PRESIDENT REAGAN'S proposal for a new Department of Trade is not a very useful gesture. Moving the boxes and lines around on the organization chart won't help much as long as there's no clear agreement on trade policy.
In terms of the internal debate within the administration, Mr. Reagan's rather tepid endorsement of the reorganization is a concession to those--for whom the Commerce Department is the spokesman --who want the government to defend and promote American products more actively in an unfriendly world. But Mr. Reagan is by no means ready to reject the economists' counter-argument. They hold that this country's trade troubles are chiefly the result not of foreign governments' manipulations, but of the dollar's very high exchange rate.
That case is currently being made forcefully by Martin Feldstein, the chairman of the president's Council of Economic Advisers. The high exchange rate is the result of high interest rates, he points out, and the high interest rates in turn are the result of the very large federal budget deficits in prospect for the years ahead. If you want to do something really useful for American exports, and for the American industries that compete with imports, he concludes that you have to attack those budget deficits.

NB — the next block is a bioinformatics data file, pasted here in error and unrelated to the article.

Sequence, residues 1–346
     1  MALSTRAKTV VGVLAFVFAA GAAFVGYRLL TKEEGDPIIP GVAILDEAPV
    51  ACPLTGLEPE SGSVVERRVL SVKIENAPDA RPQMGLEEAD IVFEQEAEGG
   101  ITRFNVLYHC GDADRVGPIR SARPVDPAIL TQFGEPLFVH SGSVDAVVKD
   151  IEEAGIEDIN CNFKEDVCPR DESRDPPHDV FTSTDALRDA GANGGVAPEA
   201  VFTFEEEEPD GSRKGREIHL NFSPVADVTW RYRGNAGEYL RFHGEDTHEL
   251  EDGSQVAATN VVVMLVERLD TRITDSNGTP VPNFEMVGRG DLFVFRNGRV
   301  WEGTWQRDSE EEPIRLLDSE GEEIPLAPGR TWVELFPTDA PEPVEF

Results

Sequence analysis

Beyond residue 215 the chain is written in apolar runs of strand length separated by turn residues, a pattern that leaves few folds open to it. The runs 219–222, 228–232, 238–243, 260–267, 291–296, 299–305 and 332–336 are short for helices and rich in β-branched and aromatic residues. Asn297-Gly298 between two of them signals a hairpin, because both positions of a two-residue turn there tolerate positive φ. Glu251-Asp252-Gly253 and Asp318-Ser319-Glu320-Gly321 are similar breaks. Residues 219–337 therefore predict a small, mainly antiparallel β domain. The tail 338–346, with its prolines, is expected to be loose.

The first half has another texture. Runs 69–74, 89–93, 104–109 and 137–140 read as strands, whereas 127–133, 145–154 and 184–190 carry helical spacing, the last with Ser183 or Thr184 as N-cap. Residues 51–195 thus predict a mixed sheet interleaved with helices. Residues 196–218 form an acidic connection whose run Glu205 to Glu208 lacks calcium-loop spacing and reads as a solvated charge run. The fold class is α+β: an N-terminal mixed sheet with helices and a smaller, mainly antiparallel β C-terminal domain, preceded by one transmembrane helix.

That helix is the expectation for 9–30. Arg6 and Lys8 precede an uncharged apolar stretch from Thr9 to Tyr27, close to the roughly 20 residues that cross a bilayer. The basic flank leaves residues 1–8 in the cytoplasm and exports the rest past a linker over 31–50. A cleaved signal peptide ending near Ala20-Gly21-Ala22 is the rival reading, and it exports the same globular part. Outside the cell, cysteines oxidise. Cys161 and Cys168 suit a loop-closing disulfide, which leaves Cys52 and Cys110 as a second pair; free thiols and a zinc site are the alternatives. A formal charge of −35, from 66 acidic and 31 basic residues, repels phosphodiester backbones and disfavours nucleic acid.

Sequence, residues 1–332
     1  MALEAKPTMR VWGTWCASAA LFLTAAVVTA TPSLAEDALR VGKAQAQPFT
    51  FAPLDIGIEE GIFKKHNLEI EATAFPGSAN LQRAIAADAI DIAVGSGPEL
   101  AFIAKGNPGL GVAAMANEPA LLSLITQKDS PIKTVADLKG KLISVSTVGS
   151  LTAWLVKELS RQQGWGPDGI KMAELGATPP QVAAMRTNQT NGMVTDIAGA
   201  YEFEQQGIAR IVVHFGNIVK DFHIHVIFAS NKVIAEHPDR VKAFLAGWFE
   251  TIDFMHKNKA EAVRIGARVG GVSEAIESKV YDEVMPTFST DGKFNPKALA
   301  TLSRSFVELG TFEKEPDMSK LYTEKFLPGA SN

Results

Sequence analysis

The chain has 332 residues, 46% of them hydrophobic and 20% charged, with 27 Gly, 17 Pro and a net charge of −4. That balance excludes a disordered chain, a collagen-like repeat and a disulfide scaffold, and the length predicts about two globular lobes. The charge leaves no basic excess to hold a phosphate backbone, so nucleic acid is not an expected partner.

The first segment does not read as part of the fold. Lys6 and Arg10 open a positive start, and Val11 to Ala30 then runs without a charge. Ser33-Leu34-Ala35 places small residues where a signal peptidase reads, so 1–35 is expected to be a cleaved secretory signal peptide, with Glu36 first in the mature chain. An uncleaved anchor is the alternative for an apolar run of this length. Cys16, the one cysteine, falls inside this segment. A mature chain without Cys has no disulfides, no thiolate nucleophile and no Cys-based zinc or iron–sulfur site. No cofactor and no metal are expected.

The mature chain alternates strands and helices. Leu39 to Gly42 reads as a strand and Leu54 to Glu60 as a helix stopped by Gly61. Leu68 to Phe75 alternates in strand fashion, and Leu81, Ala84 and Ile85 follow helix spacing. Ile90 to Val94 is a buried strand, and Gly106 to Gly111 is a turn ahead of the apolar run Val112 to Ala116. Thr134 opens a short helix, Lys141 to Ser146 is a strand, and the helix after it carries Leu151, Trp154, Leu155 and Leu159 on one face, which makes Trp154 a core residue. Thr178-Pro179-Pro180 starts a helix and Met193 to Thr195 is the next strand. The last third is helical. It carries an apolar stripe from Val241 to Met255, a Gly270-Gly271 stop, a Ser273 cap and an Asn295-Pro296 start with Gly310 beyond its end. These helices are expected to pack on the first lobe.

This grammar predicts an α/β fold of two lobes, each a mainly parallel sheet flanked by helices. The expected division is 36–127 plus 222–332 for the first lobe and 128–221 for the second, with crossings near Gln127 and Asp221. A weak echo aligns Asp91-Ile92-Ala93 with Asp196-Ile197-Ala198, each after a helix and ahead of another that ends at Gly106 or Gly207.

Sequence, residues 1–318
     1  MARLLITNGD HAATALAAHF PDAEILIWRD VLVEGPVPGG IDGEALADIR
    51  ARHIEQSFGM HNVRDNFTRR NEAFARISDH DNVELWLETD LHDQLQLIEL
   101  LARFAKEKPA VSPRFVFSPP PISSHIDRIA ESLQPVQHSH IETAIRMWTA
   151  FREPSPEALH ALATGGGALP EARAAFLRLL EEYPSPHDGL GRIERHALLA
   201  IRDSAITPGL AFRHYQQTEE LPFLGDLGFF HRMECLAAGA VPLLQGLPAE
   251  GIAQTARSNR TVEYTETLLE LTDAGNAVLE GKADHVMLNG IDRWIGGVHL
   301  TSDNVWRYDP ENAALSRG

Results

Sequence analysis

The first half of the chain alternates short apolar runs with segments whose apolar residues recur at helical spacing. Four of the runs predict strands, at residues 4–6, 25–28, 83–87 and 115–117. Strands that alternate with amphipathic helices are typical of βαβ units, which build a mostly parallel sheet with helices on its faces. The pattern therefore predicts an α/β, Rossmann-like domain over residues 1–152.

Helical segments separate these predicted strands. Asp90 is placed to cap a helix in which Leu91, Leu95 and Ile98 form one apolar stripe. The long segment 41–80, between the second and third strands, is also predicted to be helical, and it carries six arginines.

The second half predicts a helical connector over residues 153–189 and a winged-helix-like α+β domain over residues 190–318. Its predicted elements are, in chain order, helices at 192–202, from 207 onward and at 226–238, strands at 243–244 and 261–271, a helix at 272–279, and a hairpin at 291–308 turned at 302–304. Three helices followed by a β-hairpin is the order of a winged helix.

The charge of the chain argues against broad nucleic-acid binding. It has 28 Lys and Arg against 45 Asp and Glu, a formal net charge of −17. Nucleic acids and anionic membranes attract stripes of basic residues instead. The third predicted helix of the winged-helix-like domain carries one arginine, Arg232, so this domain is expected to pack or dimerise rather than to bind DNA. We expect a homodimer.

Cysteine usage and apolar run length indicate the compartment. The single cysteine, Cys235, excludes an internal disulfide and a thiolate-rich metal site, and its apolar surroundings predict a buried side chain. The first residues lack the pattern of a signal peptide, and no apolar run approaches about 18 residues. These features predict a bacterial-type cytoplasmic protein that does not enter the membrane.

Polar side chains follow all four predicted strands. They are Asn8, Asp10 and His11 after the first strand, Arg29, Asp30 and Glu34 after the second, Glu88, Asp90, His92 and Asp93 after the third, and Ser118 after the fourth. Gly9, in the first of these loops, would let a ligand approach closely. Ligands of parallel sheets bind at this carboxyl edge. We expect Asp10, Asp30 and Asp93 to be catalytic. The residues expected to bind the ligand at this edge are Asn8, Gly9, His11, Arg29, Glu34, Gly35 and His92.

Mr. Feldstein is absolutely right about that. A lot of the prevalent anxiety about alleged industrial decline and loss of competitiveness would quickly vanish if interest rates were to drop back into the normal range. But to say that Mr. Feldstein is right does not completely settle the issue. The Commerce Department has been arguing that in one crucial area--the high-technology industries--exchange rates make less difference, because governments provide powerful assistance. The proposed Department of Trade would be the vehicle for focusing national support for the American export industries.
The model is clearly Japan's formidable MITI-- the Ministry of International Trade and Industry. Mr. Reagan is asking Congress to lay the foundation for an American MITI. The new Department of Trade would be the present Commerce Department, stripped of some of its less exciting functions but taking over the functions of the White House trade office.
Abolishing the White House trade office, and transferring its responsibilities to a renovated Commerce Department, would certainly have one immediate effect. Instead of serving the president's very broad constituency, the trade negotiators would find themselves working for the Commerce Department's narrower one--mainly the trade associations and some of the manufacturing companies. That would not necessarily elevate the quality of American trade policy. Nor would it move policy toward Mr. Reagan's ideal of open markets.